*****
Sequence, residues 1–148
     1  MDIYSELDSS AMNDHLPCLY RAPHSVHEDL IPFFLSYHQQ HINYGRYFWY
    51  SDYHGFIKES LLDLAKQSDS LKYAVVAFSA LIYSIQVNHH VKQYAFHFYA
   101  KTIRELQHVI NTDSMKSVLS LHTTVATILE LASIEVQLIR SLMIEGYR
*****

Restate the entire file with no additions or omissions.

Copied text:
Sequence, residues 1–148
     1  MDIYSELDSS AMNDHLPCLY RAPHSVHEDL IPFFLSYHQQ HINYGRYFWY
    51  SDYHGFIKES LLDLAKQSDS LKYAVVAFSA LIYSIQVNHH VKQYAFHFYA
   101  KTIRELQHVI NTDSMKSVLS LHTTVATILE LASIEVQLIR SLMIEGYR